In terms of control in general therefore, we could say that the logic is ‘I am a successful controller and so I exist!’ When I manage to pull off the ‘successful control’ thing then I feel myself to be particular type of centralized ego known popularly as ‘a winner’ – I am a ‘winner self’! I don’t have to control successfully to feel that I exist either: this actually works the other way around too so that if I fail to control things successfully I stop being ‘one-up’ and become ‘one-down’ instead (so to speak) and this gives rise to the reified perception of myself as being what in popular parlance is referred to as ‘a loser’. This therefore is the ‘loser-ego’, the unlucky or jinxed ego!
So this business of trying to be in control the whole time works very well – it even works when it doesn’t work! All I need to do in order to create the reified sense of self is to get sucked into the business of trying to be in control and I’m away; whether I seem to succeed or seem to fail it makes no difference because either way I have affirmed my existence as a ‘centralized ego’, as Chogyam Trungpa puts it. In one way this is very neat explanation of what is going on, but in another way we might object that the whole scheme is rather ridiculous – we asked why it is that we like playing games and controlling so much, and then we answered the question by saying that it is through controlling that I get to create the self. But this doesn’t make sense because it is only the self that has the motivation to control, and so the motivation can only come about when there already is a self! And contrariwise, if there isn’t a self, then there will be no urge, no desire to control because it is only ever the self within which this urge, this desire originates in the first place! So really we’re not talking about linear causation here at all (since there’s no way for it to get started) but simply a self-perpetuating loop of logic…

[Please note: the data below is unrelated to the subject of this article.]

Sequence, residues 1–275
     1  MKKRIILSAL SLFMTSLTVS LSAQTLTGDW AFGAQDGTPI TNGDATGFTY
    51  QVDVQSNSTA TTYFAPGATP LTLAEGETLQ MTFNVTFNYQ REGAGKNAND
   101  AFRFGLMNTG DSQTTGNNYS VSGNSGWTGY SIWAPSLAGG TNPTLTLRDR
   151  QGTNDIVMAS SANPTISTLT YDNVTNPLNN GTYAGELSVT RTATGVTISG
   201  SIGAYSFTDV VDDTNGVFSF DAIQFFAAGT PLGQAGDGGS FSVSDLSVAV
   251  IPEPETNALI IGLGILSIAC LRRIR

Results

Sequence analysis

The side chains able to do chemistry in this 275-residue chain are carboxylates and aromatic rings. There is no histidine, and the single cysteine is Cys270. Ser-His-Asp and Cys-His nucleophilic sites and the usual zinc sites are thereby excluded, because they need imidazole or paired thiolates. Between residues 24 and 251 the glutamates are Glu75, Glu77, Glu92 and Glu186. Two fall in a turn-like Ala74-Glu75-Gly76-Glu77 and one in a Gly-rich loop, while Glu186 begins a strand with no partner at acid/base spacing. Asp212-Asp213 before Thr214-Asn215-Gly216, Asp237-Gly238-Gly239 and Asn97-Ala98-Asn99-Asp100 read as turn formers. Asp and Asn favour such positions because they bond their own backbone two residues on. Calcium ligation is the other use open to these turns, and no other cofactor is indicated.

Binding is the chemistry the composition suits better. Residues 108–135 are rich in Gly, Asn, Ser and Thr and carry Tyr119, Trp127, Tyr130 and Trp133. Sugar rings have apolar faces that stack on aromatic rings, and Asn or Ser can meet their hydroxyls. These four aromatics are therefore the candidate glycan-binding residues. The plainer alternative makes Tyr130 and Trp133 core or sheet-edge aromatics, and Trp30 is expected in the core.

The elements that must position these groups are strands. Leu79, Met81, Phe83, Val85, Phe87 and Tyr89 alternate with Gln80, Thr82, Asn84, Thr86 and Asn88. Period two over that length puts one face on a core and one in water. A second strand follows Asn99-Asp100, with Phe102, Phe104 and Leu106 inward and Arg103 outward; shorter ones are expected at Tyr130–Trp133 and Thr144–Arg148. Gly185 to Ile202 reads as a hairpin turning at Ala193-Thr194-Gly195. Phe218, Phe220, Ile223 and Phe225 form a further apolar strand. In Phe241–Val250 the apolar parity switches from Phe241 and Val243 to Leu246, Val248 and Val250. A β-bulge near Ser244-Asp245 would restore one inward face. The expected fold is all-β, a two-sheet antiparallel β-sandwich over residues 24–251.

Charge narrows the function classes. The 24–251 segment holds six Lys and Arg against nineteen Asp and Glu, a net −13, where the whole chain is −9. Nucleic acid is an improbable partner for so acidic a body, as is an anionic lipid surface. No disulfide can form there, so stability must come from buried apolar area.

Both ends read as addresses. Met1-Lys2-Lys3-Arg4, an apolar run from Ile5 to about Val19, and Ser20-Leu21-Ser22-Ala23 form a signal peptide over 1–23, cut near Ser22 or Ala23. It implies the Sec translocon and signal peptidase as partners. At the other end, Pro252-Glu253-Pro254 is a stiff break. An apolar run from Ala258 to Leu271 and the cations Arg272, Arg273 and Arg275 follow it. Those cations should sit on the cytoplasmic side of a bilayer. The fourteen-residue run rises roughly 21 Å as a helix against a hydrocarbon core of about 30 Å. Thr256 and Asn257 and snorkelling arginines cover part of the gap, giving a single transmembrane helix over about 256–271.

This paradox (the paradox of tautological self-creation) might seem to throw doubt on the scheme that we are setting out here, but if we take a wider view we can see that this is simply how it always is – the entire world of form arises via tautological self-creation, all logical certainties (across the board) come about via tautological self-creation. We run into this time and time again: everything’s a paradox! The rational mind can only operate on the basis of categorical precedents, and yet it itself is responsible for putting these categories in place. The realm of logic can similarly only exist when some kind of ‘starting off point’ is decided upon, and yet without logic there can be no such thing as a starting off point to anything any more than there can be an ‘end point’. Without logic there are no beginnings and no endings, no ‘correct’ and no ‘incorrect’. Without logic there are no boundaries. Or if we put this in terms of a ‘starting paradox’ we can say that the domain of rules (which is what logic is) cannot be entered, cannot be ‘broken into’, unless there is a rule saying that it is lawful to do so and outside the domain of rules (outside logic) there are of course no rules. Logic can’t start unless it is preceded by logic so it too is a ‘self-creating circle’, therefore.
We could make the same point about the material universe and the space-time continuum within which it exists – the space-time continuum can only be said to have ‘come into being’ once it already exists, otherwise there is no space and no time so the idea of it ‘coming into existence’ is quite meaningless. We can say that there ‘is’ physical universe without any fear that someone will come up and point out the error in our statement, and yet the universe only exists within the provisional ‘space-time bubble’ that it itself assumes. This is of course a very perplexing sort of a thing to consider and yet we cannot deny it because outside of its own ‘taken for granted’ context, the universe never started, and neither will it ever ‘end’. Beginnings and endings only make sense within the continuum of logic which comes into being at the same time the physical universe does. So if everything else (everything else in the realm of form, that is), is a paradox, then it is hardly surprising that the self too is paradox, that the self too is a tautological loop of logic, like the snake that eats itself…